Land of the Free

This Fourth of July, Americans gathered around the world to celebrate a holiday that has come to mean different things at different points in our shared history.

20140706-192141.jpg

To our forefathers in 1776, Independence Day meant fighting for freedom from tyranny, oppression and persecution.

To Bill Pullman circa 1996, Independence Day meant fighting for freedom not from tyranny, oppression, or persecution — but from annihilation. Fighting for our right to live. To exist.

To my brother and me this past weekend, Independence Day meant fighting for our right to have beer delivered via crab net straight to our inflatable raft. Thomas Jefferson and/or Will Smith would have been proud.

20140706-184628.jpg

Beer delivery aside, the Fourth of July has always been one of my favorite holidays. As a kid, it was a chance to ride in the local parade, then catch chlorine-doomed goldfish from the neighborhood swimming pool. As a teenager, it was a chance to light sparklers and watch fireworks from my best friend’s front yard. (You know, ’cause we’ve totally outgrown that.) As an adult, it’s a chance to reflect on all the things that make this nation great, from freedom of the press and universal health care to country music and women’s rights, Hobby Lobby be damned. And with my marine cousin returning from Afghanistan this summer, it’s also an important chance to reflect on all those who serve our country to protect those freedoms we so enjoy.

But while millions of Americans around the world were celebrating July 4 for all the traditional reasons, several thousand people — U.S. citizens and foreigners alike — were acknowledging this past weekend for a different reason altogether. If you’re running the Philadelphia Marathon and following a 20-week training schedule like me, this weekend was our last weekend of flexibility, spontaneity and, you guessed it: independence. Fitting, huh?

I had originally planned to follow Hal Higdon’s 18-week Intermediate 1 marathon training plan, since his Novice 2 plan had successfully carried me through two 26.2 mile feats and I was looking for a new challenge. But when I opened my Runner’s World magazine this month to find a 20-week schedule laid out for me explaining this was a good plan for runners who had plateaued, I knew instantly it was the routine for me. Didn’t hurt that the layout included an infographic telling you what day to start the plan if you were running any of the big fall races, from Chicago to NYC to, you guessed it, Philly. July 7, and I didn’t even have to do the math myself. Thank you, Runner’s World.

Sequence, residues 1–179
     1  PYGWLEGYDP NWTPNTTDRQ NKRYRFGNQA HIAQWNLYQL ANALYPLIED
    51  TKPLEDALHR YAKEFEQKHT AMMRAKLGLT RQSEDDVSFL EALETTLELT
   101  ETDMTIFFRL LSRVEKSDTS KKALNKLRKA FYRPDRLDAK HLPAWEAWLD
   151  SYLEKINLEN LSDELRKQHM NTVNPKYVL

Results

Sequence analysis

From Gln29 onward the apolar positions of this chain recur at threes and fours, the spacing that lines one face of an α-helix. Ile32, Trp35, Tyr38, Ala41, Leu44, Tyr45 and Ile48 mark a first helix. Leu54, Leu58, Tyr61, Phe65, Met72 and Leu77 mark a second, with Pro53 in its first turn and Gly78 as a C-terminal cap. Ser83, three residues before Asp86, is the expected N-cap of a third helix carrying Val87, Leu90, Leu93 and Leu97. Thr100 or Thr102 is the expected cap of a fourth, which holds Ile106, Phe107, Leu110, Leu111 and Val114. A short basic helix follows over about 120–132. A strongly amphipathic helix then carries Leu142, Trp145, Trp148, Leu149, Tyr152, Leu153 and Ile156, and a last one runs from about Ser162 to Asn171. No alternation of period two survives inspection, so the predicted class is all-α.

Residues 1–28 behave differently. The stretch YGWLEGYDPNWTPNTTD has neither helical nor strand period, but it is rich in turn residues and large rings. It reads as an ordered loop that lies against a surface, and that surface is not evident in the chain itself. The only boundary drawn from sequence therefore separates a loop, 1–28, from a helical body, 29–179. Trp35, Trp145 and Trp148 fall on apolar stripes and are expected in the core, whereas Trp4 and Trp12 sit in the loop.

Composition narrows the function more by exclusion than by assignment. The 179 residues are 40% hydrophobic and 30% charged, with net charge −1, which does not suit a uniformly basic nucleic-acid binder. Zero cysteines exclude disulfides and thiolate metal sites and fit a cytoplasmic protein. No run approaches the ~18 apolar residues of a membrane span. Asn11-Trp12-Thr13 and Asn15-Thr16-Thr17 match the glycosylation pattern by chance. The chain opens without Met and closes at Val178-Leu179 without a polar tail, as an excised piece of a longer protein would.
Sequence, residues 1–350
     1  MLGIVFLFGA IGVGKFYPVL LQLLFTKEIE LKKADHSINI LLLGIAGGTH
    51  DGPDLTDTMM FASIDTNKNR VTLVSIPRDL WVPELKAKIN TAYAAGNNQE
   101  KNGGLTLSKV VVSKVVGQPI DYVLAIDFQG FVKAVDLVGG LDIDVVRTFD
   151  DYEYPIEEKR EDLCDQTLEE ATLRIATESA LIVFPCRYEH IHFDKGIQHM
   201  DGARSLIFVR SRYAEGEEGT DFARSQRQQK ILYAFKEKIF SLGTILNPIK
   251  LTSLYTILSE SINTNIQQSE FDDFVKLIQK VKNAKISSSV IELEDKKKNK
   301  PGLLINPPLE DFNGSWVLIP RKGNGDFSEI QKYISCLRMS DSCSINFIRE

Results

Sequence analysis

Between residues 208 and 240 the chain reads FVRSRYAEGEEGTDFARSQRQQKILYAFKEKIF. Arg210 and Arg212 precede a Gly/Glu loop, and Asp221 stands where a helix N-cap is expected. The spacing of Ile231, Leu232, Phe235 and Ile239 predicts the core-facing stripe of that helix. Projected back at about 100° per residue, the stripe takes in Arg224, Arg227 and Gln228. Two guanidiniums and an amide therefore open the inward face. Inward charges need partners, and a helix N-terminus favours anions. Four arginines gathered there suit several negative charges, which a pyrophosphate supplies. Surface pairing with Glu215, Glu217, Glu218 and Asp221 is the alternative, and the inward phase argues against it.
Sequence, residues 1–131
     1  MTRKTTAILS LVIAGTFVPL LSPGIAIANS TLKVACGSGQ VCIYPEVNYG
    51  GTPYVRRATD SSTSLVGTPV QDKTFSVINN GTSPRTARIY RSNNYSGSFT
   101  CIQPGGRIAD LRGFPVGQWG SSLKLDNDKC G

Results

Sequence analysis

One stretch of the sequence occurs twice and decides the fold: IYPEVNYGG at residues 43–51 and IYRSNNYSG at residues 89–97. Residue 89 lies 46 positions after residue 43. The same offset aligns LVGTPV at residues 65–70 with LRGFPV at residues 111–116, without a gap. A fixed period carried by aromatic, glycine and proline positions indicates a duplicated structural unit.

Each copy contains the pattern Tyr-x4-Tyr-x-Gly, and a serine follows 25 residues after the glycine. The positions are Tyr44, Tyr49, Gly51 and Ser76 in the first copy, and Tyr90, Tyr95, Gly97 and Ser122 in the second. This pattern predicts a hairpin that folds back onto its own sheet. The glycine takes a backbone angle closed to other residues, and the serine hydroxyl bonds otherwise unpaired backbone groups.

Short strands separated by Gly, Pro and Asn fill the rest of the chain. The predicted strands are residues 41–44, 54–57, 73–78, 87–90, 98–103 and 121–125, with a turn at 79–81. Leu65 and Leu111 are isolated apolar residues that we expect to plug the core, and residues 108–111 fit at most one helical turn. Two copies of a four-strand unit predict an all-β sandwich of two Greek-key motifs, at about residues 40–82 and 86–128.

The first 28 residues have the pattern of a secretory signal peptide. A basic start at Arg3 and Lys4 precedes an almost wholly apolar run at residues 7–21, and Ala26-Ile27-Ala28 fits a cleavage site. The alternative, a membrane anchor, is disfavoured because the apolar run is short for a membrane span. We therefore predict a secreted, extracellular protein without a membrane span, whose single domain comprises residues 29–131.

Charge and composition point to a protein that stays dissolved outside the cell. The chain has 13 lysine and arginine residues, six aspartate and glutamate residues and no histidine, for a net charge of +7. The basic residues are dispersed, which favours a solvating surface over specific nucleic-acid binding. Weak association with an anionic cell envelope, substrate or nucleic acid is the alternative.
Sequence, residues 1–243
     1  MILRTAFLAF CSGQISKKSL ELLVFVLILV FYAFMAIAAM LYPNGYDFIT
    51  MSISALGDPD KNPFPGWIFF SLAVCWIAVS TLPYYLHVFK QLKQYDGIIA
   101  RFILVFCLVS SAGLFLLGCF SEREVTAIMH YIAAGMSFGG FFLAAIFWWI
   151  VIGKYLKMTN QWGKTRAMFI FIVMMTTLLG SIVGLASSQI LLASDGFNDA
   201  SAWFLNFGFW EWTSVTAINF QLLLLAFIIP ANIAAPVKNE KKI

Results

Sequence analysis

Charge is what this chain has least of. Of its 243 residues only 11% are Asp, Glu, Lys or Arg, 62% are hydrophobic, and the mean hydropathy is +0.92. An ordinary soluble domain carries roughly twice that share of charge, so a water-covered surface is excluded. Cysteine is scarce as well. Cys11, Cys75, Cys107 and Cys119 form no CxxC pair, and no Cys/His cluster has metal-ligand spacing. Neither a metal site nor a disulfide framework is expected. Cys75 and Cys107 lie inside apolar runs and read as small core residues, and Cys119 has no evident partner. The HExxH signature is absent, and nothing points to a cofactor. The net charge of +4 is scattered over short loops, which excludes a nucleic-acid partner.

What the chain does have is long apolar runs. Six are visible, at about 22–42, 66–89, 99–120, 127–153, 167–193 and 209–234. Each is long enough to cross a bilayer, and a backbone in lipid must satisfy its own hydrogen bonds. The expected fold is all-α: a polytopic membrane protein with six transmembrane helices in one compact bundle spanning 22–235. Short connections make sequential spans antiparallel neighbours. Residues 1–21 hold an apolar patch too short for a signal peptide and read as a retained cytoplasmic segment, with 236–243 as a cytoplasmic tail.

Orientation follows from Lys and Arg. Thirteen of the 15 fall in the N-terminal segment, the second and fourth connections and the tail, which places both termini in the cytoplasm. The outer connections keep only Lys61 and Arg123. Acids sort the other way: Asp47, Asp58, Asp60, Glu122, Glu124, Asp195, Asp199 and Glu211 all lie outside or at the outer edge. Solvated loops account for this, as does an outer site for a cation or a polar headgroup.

20140706-191653.jpg

So with Monday officially marking the beginning of marathon training, I did what any good runner would do on her last weekend of freedom: I laid in the hammock. To be fair, I did a 7-miler on the 4th itself to make sure I was ready to tackle 8 miles during my first long run next Saturday and an easy 3-miler yesterday to take advantage of the glorious Baltimore weather, but when it came time today to lace up my running shoes, I opted to curl up with my trashy summer read instead. Between now and November 23, my opportunities to take a surprise day off are going to be far and few between, and on this glorious Independence Day weekend, I wasn’t going to miss a chance to be free.

How did you celebrate the holiday? This year, Fourth of July was also a chance to restock my Keira photo coffers. You’re welcome in advance.

20140706-184809.jpg

Advertisements
This entry was posted in Uncategorized. Bookmark the permalink.

One Response to Land of the Free

  1. Vaughan Waters says:

    I sensed a certain lack of sincerity in your reference to Bill Pullman’s immortal monologue from “Independence Day.” To my way of thinking, his speech was one of the truly great “overdidyousayoverwasitoverwhentheGermansbombedPearlHarbor” moments in film history, and I’m not ashamed to say that I cried during that scene (sort of, you know, a la William Hurt in “Broadcast News”). It was that powerful. — Vaughan

Leave a Reply

Fill in your details below or click an icon to log in:

WordPress.com Logo

You are commenting using your WordPress.com account. Log Out / Change )

Twitter picture

You are commenting using your Twitter account. Log Out / Change )

Facebook photo

You are commenting using your Facebook account. Log Out / Change )

Google+ photo

You are commenting using your Google+ account. Log Out / Change )

Connecting to %s